I’m very honored to be part of an exciting panel proposal for MLA13 in Boston, titled, “Representing Race: Silence in the Digital Humanities.” Alondra Nelson (!!!) will be responding to a roundtable consisting myself and four other amazing junior scholars, including a fellow #transformDHer, Moya Bailey.
Here’s the proposed presentation line-up:
- Anne Cong-Huyen, “Thinking of Race (Gender, Class, Nation) in DH” (UCSB)
- Moya Bailey, “All the Digital Humanists Are White, All the Nerds Are Men, but Some of Us Are Brave” (Emory)
- Hussein Keshani, “Race and State Patronage of Digital Islamic Studies in the UK” (U of British Columbia)
- Adeline Koh, “Archival Silences and Colonialism: The Technology of Race” (Richard Stockton College)
- Maria Velazquez’s “Blog Like You Love: Anti-Racist Projects, Black Feminism and the Virtual “(U of Maryland)
Description from our proposal:
This roundtable presents new work by younger scholars on the issues of race, ethnicity and silence within the digital humanities. Despite being widely acknowledged as important structural norms, race and ethnicity continue to be neglected analytical concepts within this growing field. This silence extends in various forms: in the calibration of digital humanities tools, projects and datasets, which fail to provide mechanisms to examine race as an important category of analysis; in how race structures forms of online identity in computer-mediated forms of communication; and in racialized silences within digital archives. In all of these forms, race and ethnicity persist as undertheorized, haunting signifiers within the digital humanities.
For my part, I’ll be discussing the work of #transformDH at ASA 2011, and the hesitation from some within digital humanities to our concerns about the relative absence and necessity of critical race and ethnic studies, feminist and queer theory in DH. The abstract I submitted to the panel is below :
Eduardo Bonilla-Silva and Lisa Nakamura have recently argued that rather than living in a “post-racial” moment, we are witnessing a new kind of “color-blind racism” or “racism-lite” based on “‘New Racism’ practices that are subtle, institutional, and apparently nonracial.” This less overt, seemingly benign, and consequently less harmful racism is of particular importance to the digital humanities, which has been lauded as one of the more democratic academic spaces. Much of the conversations in DH, however, have been about the successes and potentialities of DH, and the possibilities that its (race-less, sex-less, class-less) technologies can offer. Yet little has been said about the racialized aspects of the digital: from code and language, to the larger material cultures that rely on the systematic and networked exploitation of racialized workers of the global south. One of the concerns of #transformDH (Transformative Digital Humanities), when we set out to organize an American Studies Association panel in 2011, was to theorize, discuss, and put into practice our ethical concerns regarding race in DH, in conjunction with gender, sexuality, class, and disability. Some of the hesitation to our efforts (especially after MLA12), which we have endeavored to make very transparent and inclusive, speaks to the privileged notion of DH as an idealized and egalitarian space, but this contradicts with the realities experienced by those aligned with such marginal positions, and those providing the labor to produce the technologies and the materials that make DH work. I would like to talk about the materialities that are ingrained and that emerge when we forget about race, that lead to inequity within the academy and in larger, more global contexts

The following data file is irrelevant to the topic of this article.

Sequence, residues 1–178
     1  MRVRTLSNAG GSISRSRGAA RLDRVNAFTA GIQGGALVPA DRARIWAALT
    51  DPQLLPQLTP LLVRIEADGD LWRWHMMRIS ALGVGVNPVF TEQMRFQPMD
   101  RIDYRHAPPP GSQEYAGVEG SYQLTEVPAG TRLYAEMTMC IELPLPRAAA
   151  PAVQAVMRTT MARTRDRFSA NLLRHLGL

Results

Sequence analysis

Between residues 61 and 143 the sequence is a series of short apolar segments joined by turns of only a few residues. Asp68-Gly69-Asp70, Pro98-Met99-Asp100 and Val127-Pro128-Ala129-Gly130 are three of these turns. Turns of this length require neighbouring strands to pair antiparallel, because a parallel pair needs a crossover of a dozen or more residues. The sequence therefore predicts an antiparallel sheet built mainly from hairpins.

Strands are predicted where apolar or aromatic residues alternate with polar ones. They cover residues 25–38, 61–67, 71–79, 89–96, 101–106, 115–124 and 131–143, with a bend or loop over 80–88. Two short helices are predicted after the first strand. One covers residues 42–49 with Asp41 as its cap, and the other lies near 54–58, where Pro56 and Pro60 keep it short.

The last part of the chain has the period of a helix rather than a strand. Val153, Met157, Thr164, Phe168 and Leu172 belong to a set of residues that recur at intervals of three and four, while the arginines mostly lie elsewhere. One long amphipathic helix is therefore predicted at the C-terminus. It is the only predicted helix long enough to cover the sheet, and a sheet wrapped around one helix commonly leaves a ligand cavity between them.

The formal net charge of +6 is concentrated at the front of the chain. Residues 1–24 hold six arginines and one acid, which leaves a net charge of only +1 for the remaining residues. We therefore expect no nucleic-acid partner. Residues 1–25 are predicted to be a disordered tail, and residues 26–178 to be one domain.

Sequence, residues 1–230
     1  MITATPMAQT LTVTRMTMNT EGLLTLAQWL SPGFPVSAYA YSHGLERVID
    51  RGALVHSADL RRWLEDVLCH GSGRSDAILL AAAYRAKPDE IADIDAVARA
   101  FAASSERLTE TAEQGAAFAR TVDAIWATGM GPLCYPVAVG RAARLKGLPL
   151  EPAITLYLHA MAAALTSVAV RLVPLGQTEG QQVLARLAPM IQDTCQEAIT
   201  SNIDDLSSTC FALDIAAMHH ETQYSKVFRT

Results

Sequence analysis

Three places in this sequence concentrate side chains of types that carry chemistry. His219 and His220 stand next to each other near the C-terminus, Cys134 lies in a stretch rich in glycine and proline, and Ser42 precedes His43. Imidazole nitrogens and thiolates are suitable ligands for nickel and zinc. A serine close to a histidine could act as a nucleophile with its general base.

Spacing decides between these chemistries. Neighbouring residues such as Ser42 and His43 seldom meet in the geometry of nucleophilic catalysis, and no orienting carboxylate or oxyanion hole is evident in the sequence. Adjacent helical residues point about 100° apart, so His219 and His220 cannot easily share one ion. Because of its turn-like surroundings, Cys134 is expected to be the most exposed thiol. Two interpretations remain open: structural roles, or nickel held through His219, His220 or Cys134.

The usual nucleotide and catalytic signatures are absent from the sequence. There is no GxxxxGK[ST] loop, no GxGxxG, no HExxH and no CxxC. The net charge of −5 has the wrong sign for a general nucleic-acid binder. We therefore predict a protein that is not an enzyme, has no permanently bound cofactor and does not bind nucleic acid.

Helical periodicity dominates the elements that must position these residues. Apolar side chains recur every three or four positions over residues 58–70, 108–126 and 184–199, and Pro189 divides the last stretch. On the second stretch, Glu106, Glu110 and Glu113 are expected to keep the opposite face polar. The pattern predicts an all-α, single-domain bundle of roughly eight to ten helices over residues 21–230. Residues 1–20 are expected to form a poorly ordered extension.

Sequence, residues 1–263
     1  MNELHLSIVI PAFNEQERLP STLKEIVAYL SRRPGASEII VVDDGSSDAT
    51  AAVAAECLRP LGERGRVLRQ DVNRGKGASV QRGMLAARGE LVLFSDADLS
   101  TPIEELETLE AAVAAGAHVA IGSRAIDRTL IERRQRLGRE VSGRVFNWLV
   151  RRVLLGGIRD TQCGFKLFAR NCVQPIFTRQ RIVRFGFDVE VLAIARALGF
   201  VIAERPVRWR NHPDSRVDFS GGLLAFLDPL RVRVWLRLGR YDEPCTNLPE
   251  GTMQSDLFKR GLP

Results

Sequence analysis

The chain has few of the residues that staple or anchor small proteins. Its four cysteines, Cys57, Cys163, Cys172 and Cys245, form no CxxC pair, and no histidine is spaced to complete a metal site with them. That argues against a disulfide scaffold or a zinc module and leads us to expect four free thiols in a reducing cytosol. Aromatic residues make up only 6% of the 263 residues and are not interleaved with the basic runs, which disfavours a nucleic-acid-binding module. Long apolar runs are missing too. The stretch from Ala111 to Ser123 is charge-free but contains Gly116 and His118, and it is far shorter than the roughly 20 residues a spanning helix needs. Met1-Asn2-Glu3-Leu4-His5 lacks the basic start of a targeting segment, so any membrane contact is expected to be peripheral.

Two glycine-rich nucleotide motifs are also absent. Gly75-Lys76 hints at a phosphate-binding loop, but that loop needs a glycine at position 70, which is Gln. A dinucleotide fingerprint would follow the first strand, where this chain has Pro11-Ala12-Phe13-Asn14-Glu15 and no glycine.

And I’d like to thank Adeline, for graciously organizing the panel, recruiting our respondent, and for putting together the proposal. Hopefully, we’re accepted and the collaboration can continue!
 Bonilla-Silva, Eduardo. Racism without Racists: Color-Blind Racism & Racial Inequality in Contemporary America, 3rd ed. Plymoth, UK: Rowman & Littlefield Publishers, 2010. 3. Lisa Nakamura, at MLA12, referenced Bonilla in her talk “Digital Trash Talk: The Rhetoric of Instrumental Racism as Procedural Strategy.”
 Many scholars have already been outspoken on this topic, including Tara McPherson, Anna Everett, Lisa Nakamura, Wendy Chun and others.